von Hippel-Lindau (VHL) disease is an autosomal dominant syndrome that predisposes individuals to a variety of tumors. VHL is associated with tumors in a variety of organs, including the kidney, adrenal gland, central nervous system (CNS), eye, inner ear, epididymis, and pancreas. VHL is associated with renal cell carcinoma (RCC), pheochromocytoma, hemangioblastomas of the CNS, retinal angiomas, endolymphatic sac tumors, and pancreatic cysts and solid lesions.
VHL occurs in one of every 36,000 live births1 and has a penetrance in 90% of patients by age 65 years.2 Before computed tomography (CT) and other imaging modalities were developed and before the advent of comprehensive screening in affected individuals, median survival in these patients was less than 50 years. The cause of death in these patients was typically either metastases from RCC or symptoms related to CNS hemangioblastomas.3 Now with a multidisciplinary approach to these complex patients, survival rates have improved.
There are no proven risk factors for VHL other than documented family history.
VHL is an autosomal dominant disease resulting from a germline mutation in the VHL gene. The gene was first identified in 1993.4 The gene is an RCC tumor suppressor gene that has been shown to be involved in multiple functions, including regulation of angiogenesis, ubiquitination, and gatekeeper functions in mitosis.5 The gene has been localized to chromosome 3p25.5.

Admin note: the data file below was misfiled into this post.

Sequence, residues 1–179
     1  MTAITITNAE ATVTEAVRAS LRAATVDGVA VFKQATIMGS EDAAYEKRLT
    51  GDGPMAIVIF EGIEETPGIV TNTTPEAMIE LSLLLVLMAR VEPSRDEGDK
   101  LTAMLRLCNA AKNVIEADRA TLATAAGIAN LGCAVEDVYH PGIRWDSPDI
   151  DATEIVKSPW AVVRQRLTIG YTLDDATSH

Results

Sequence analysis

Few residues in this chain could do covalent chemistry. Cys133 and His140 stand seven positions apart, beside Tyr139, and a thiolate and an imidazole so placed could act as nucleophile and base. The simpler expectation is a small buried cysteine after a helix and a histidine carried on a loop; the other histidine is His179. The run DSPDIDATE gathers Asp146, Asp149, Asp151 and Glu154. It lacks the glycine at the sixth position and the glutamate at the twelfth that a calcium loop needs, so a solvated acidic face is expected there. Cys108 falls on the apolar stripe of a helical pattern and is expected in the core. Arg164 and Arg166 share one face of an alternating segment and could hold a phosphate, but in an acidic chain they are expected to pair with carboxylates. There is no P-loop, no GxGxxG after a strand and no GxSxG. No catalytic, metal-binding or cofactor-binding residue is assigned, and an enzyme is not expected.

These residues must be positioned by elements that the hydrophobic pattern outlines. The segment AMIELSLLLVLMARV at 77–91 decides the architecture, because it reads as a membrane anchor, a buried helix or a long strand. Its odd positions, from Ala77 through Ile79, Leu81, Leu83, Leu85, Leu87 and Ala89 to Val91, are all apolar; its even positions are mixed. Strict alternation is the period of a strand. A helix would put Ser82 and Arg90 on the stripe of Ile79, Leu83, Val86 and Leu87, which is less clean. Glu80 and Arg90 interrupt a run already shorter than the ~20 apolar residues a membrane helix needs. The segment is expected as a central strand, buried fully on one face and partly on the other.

VHL is associated with tumors in a multitude of organs, including the kidney, adrenal gland, CNS, eye, inner ear, epididymis, and pancreas. With current imaging modalities and genetic testing, many individuals are diagnosed while still asymptomatic. The diagnosis continues to be based on clinical criteria. Individuals with a family history are considered positive for the disease if screening tests diagnose a CNS hemangioblastoma (including retinal), pheochromocytoma, or renal manifestations. Patients who are diagnosed de novo without a family history must have evidence of two or more CNS hemangioblastomas or one CNS manifestation with a visceral tumor to meet diagnostic criteria.3
Because of the multiple organs involved in this disease process, this chapter separately describes the clinical presentation of each organ system.
Central Nervous System Lesions
Hemangioblastomas are the most common tumor found in VHL patients, affecting up to 80% of patients. The average age of presentation is 33 years.6 These lesions are always benign but may cause significant morbidity because of volume effect. These lesions may occur anywhere along the craniospinal axis and may cause swelling and symptoms based on their location along this axis.
Retinal hemangioblastomas are very common in VHL patients, occurring in 60% of patients.3 They may be multifocal or bilateral and occur early in life. The mean age of diagnosis of retinal hemangioblastomas is 25 years.3 They are benign but symptomatic and may lead to vision loss.